The issue compels congressional attention because of its public health effects. Cole said it’s also one of the only concerns that affects lawmakers from all corners, making it the rare issue that members from both parties agree needs action. The additional $4 billion in opioid funding helped cement a budget deal that funded the government for the rest of the fiscal year, he noted.
“I’m not seeing many things that unite Congress as much as this stuff,” Cole said.
Some candidates highlight what they have done on the issue — or how their own lives were touched by substance abuse.
Democratic Sen. Tammy Baldwin of Wisconsin released an ad last month discussing her mother’s addiction to prescription pills.
Candidates in the West Virginia Senate race between Democratic incumbent Joe Manchin III and Patrick Morrisey, the state’s attorney general, are also focusing on the issue. A Democratic super PAC released an ad promoting Manchin’s work on legislation to require providers to be aware of a patient’s opioid abuse history.
Similarly, Morrisey has campaigned on his record, including a $47 million settlement with pharmaceutical distributors.
Brendan Kelly, seeking to oust GOP Rep. Mike Bost in Illinois’ 12th District, highlights how he was the first state attorney there to sue pharmaceutical manufacturers for their role. In an ad earlier this year, he said drug companies’ donations to lawmakers keep the industry out of the spotlight, though manufacturers did appear before a House committee last month. Bost, whose seat is rated Leans Republican by Inside Elections with Nathan L. Gonzales, says he’s also focusing on the issue and holding events.
Whether those ultimately sway a voter’s mind is yet to be determined. “I’m glad that my opponent is out there having these. I’m having just as many,” he said.
Despite the concerns about the 2018 package of opioid bills, it could affect the opioid epidemic more than what Congress achieved in 2016.
The American Society of Addiction Medicine’s Waller favors a bill to require groups applying for grants to document that they are evidence-based. “The first thing that you do to maximize how that money works is you stop paying for things that don’t work,” he said.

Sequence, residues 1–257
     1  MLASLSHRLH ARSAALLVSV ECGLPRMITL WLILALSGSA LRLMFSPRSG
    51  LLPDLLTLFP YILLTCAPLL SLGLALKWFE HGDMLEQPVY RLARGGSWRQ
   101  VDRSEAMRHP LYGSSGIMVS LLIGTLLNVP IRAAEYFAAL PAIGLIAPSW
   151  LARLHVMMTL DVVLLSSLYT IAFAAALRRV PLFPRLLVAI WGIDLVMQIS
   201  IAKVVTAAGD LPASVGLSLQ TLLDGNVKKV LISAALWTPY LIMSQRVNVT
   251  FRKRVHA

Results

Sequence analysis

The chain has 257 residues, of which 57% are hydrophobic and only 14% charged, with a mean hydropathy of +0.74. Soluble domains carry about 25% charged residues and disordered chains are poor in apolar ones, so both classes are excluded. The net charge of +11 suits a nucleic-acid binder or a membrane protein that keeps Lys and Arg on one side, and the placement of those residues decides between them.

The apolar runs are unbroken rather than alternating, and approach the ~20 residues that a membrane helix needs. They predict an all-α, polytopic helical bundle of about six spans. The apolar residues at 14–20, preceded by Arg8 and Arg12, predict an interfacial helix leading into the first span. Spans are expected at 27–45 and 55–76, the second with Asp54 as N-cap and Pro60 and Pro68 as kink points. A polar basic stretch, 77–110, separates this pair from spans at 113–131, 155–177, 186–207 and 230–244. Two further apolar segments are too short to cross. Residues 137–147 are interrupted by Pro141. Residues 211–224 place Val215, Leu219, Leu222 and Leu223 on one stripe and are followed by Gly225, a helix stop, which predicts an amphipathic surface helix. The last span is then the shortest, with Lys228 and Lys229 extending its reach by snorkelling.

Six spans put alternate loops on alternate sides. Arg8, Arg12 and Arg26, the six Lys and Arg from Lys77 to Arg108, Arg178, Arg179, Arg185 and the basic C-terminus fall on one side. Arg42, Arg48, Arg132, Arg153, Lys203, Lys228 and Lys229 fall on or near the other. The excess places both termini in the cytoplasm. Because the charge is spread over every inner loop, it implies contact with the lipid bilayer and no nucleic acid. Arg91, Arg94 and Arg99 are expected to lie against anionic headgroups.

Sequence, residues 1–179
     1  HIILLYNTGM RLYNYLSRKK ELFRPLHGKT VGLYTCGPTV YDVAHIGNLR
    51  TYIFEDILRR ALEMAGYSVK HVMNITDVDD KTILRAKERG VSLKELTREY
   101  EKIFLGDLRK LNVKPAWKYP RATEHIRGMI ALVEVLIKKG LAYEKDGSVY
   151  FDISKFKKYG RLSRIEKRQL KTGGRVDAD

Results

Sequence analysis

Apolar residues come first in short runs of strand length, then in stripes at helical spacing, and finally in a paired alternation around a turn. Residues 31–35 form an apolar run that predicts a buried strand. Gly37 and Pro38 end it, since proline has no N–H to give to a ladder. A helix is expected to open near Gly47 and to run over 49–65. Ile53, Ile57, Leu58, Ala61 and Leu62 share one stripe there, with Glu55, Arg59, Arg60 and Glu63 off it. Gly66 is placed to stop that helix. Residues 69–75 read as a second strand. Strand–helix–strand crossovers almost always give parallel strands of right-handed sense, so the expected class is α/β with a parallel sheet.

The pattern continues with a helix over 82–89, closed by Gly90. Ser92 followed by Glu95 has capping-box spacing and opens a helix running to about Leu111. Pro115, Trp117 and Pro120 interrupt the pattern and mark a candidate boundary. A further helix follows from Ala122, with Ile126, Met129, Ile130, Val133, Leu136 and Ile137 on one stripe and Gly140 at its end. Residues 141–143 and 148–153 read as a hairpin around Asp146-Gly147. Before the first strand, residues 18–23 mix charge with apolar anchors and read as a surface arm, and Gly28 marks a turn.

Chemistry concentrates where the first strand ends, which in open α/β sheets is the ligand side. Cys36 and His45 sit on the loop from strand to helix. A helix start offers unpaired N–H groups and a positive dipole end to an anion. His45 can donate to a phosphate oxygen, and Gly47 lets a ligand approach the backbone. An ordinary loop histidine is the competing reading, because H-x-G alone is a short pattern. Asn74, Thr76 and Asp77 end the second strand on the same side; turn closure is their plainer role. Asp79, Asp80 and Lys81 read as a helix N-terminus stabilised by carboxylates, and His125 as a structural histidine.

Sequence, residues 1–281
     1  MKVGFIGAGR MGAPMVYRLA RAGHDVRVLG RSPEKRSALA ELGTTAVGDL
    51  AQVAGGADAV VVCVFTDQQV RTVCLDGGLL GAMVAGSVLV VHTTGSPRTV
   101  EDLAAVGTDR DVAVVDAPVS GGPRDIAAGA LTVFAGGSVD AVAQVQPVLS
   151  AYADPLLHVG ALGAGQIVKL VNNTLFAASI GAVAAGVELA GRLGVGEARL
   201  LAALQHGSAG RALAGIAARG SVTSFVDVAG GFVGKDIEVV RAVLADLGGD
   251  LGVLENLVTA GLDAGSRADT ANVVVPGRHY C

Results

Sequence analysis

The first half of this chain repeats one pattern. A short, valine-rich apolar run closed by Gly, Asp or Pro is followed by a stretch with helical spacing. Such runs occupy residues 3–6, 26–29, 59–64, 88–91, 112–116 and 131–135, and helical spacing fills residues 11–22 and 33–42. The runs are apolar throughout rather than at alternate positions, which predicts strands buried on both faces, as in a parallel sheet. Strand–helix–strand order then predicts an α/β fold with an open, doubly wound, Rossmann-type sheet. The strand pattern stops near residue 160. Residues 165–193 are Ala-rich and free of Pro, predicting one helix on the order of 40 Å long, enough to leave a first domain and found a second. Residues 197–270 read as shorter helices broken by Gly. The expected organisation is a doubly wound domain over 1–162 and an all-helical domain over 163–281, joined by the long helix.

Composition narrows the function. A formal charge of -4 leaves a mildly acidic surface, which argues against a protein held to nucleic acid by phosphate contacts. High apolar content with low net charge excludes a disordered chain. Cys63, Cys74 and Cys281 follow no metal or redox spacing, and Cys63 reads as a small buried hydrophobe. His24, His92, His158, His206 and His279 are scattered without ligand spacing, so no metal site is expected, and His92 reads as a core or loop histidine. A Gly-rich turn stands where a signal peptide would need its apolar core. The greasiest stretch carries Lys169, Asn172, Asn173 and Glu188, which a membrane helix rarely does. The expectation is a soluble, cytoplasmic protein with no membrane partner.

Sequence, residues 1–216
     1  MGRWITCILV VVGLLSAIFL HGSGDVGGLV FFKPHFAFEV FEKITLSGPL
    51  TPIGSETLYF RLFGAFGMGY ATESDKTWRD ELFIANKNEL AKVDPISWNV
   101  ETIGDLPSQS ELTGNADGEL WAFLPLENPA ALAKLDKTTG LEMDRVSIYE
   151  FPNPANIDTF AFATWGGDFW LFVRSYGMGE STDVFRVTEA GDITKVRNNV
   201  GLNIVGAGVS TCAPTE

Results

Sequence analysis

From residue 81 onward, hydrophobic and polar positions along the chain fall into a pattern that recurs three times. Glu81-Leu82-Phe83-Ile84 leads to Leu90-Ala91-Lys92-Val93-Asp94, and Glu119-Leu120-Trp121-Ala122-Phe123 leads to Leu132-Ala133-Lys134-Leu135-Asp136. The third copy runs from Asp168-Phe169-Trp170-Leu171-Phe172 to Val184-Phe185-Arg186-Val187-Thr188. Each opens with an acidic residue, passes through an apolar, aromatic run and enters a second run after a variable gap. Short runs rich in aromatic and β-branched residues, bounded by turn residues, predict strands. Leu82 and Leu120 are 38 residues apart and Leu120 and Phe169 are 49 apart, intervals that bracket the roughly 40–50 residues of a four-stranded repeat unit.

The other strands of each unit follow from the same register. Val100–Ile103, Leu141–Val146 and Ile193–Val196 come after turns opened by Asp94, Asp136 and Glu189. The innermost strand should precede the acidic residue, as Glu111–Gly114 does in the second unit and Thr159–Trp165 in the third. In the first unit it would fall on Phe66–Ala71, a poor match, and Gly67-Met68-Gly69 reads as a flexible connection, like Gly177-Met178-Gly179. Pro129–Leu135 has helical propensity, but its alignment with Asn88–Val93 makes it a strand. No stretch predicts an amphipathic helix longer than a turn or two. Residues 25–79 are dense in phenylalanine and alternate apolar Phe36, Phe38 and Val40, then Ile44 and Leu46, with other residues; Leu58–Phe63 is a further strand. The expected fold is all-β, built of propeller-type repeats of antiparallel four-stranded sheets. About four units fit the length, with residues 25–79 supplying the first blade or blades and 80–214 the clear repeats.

Experts oppose treatment like rapid detox, which can cause higher overdose rates. Instead, they favor medication-assisted treatment, which insurance does not always cover.
Some proposals could positively affect the addiction health care system at large rather than only opioid-abuse treatment. Both the House and the Senate want to extend federal loan repayment benefits to a wider range of addiction treatment professionals, which could bring more providers into the workforce.
Some critics are calling for more action. While Congress tried to provide resources for states to buy the opioid overdose reversal drug naloxone, many want the federal government to negotiate and lower its cost. Sixteen senators, led by Democrat Debbie Stabenow of Michigan, asked Health and Human Services Secretary Alex Azar in April to find a way to cut its cost. Leana Wen, health commissioner for the Baltimore City Health Department, also believes reducing naloxone’s cost will help. “We need the ability to scale up the interventions that we need to be effective,” she said. Some legislators expressed concerns that these bills simply chip away at a larger problem.
Sen. Elizabeth Warren, a Massachusetts Democrat, said she wants a federal response to the problem that won’t “nibble around the edges.” Rep. Diana DeGette, a Colorado Democrat, agrees, saying the epidemic should be addressed more holistically like the HIV/AIDS crisis was.
Warren and Democratic Rep. Elijah E. Cummings of Maryland introduced bills that are unlikely to become law, although they were endorsed by several experts. The Warren-Cummings bill would provide $100 billion in federal funding over 10 years to areas with the greatest need, following the model of the Ryan White Comprehensive AIDS Resources Emergency Act, the nation’s federally funded program for Americans with HIV or AIDS.
“They’re grasping the nettle of how serious this problem is,” said Keith Humphreys, a Stanford University drug policy expert, while acknowledging that it will be difficult to pass a bill with no Republican co-sponsors.
“We can’t plan and develop infrastructure around treatment if there’s no sustained source of funding,” Wen said. “That’s what it’s going to take to resolve any major outbreak and this is a major illness that’s affecting every aspect of our country. We need the resources that are proportional to the severity of the disease.”
Wen isn’t alone. “The United States during the AIDS epidemic made a decision that if someone was HIV-positive, they should have access to treatment,” said Andrew Kolodny, senior scientist at the Institute for Behavioral Health at the Heller School at Brandeis University and co-director of the Opioid Policy Research Collaborative.
Wen is concerned about the relatively narrow focus of the current crop of opioid bills.
“All the bills are tinkering around the edges. They have important but short-term and small fixes that really will not address the epidemic in the way that we know is necessary,” she said. “I’m concerned that the attention to getting these small fixes passed will result in people celebrating when actually the fixes in the short term are very small and not even being close to the scale of the epidemic.”